China's exports increased 33 percent last month, widening the trade surplus to a record, as consumers in the US, Europe and Japan bought more Chinese-made clothes, cellphones and computers.
Overseas shipments reached an all-time high of US$63.8 billion, pushing the trade gap to US$11.1 billion, the Beijing-based Ministry of Commerce said on its Web site on Monday. Imports rose 25 percent from a year earlier to a record US$52.7 billion.
"The global growth story is strong, the Asian growth story is strong and the China growth story is very strong," said Tim Condon, head of Asian financial markets research at ING Groep NV in Singapore. "All these factors account for the strength in the data."
Surging exports are helping sustain growth in the world's fastest-growing major economy as the government restricts lending and raises interest rates to slow industrial expansion.
US Secretary of Commerce Donald Evans may cite China's record trade surplus when he visits Beijing this week to press for a clampdown on counterfeiters and a revaluation of the yuan.
The US, China's biggest export market, says the yuan's decade-old peg of about US$8.3 per dollar keeps the currency's value artificially low, giving Chinese manufacturers an unfair advantage by making their goods cheaper abroad. The link enabled the yuan to track the dollar's 7.1 percent slide against the euro and 4.3 percent drop versus the yen last year.
Chinese President Hu Jintao (胡錦濤) said on Nov. 20 that a yuan revaluation won't happen until the economy is strong enough to withstand disruptions that may occur from a switch. China's economy, the world's seventh largest, expanded about 9.2 percent last year after 9.3 percent growth in 2003, Xie Xuren, director of the State Administration of Taxation, said last Thursday.
The yuan would rise to 7.882 against the dollar in a year if freely traded, a gain of 5 percent from the pegged rate, forward contracts showed at 5pm on Monday in Hong Kong. The contracts allow investors to bet on the value of a currency that isn't fully convertible.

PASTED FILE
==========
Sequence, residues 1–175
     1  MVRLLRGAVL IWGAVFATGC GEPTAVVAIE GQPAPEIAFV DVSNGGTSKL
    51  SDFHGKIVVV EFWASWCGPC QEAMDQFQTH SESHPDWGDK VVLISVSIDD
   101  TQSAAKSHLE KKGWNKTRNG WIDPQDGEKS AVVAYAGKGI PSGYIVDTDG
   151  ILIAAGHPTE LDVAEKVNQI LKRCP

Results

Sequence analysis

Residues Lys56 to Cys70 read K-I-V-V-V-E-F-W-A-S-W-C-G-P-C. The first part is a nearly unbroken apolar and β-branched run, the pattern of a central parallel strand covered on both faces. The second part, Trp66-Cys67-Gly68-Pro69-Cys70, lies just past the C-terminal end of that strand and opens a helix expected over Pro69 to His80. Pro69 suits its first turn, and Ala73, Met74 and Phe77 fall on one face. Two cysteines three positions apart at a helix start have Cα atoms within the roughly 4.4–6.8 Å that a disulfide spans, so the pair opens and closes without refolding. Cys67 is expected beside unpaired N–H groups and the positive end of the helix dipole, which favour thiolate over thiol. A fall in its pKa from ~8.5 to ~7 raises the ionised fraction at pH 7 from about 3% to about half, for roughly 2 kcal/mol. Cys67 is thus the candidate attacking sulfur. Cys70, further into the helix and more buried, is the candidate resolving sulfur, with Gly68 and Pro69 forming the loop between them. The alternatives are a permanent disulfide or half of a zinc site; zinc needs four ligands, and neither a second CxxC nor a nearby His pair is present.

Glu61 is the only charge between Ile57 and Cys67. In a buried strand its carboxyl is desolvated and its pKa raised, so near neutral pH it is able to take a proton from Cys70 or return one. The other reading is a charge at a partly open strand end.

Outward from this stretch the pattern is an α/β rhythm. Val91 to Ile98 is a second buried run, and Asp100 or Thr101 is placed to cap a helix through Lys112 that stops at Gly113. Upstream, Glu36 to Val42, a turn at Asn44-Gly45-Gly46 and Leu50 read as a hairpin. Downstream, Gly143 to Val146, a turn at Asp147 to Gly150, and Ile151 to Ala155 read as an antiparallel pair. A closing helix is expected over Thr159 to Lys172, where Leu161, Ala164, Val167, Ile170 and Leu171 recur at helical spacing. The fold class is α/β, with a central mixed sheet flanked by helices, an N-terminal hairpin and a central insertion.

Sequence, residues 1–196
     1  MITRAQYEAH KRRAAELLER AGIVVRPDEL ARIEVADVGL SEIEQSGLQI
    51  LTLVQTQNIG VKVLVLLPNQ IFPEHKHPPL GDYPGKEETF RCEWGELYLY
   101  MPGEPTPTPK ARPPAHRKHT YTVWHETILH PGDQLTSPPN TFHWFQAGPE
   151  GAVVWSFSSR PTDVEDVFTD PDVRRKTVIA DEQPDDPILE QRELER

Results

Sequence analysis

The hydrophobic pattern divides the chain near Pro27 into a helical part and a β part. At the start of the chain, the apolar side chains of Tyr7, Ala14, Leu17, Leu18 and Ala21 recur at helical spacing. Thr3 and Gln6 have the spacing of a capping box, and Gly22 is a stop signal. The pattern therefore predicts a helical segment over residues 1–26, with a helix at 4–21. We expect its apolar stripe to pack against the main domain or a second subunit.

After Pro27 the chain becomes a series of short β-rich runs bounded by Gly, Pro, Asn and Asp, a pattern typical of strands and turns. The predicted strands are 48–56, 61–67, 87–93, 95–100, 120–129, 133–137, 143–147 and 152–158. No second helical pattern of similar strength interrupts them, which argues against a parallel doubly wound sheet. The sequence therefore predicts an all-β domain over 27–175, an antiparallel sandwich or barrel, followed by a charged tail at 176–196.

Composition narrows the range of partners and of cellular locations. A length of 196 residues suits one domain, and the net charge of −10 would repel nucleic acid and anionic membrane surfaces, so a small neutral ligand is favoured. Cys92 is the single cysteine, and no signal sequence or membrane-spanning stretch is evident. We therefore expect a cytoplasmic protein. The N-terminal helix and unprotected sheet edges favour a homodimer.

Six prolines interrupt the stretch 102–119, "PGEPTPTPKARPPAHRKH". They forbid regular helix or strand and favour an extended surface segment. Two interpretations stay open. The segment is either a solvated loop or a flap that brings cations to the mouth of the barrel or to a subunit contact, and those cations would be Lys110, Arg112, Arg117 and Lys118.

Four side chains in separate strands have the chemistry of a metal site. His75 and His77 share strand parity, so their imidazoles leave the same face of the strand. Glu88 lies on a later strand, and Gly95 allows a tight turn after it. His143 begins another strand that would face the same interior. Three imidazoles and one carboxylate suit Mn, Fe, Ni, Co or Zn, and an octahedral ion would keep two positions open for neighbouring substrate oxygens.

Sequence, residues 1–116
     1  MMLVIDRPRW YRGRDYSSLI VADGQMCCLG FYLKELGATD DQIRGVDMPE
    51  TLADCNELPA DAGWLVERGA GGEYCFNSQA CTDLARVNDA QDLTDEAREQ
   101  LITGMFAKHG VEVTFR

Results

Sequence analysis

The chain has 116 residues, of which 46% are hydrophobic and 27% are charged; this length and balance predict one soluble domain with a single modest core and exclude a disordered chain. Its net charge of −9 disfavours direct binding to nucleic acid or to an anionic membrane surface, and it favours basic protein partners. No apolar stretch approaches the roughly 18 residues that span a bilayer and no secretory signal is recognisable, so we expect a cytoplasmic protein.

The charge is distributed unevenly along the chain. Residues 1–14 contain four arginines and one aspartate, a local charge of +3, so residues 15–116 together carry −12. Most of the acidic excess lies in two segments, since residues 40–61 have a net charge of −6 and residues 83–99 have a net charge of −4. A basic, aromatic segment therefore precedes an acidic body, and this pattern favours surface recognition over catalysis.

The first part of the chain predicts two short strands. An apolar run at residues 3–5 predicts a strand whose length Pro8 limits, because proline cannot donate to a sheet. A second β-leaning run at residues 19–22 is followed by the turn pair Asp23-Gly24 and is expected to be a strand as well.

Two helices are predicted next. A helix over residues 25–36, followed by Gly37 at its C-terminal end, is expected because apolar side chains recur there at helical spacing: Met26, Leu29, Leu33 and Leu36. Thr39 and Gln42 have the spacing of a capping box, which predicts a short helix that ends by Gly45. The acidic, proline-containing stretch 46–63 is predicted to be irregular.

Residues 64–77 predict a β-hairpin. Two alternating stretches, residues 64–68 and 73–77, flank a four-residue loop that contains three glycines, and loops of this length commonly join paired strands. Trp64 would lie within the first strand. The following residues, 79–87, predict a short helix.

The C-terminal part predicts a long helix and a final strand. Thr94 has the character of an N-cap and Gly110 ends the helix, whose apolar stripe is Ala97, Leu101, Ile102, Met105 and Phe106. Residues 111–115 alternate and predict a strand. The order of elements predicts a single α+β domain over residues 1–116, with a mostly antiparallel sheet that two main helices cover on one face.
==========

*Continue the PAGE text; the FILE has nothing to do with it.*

China's trade surplus with the US is estimated to have widened to US$150 billion last year from a record US$124 billion in 2003, according to a Bloomberg survey of 67 economists. The widening gap has caused the displacement of 1.5 million American jobs since 1989, according to a US report published yesterday.
"Everyone knew we would lose jobs in labor-intensive industries like textiles and apparel, but we thought we could hold our own in the capital-intensive, high-tech arena," said Robert Scott, an economist who was commissioned by the US-China Economic and Security Review Commission to study the jobs impact of surging imports from China.
The report indicates that pressure on US industries from Chinese imports may only increase. Annual job losses attributed to trade with China increased from 70,000 a year from 1989 to 1997 to 234,000 a year in 2001 to 2003, the study said.
China says it aims to become an exporter of value-added technology products, moving away from low-end consumer goods and textiles. The government wants to build 10 high-technology domestic companies, each capable of exporting US$5 billion of goods annually, Shan Qingjiang, deputy director general of the commerce ministry's technology division told a forum in Beijing last month.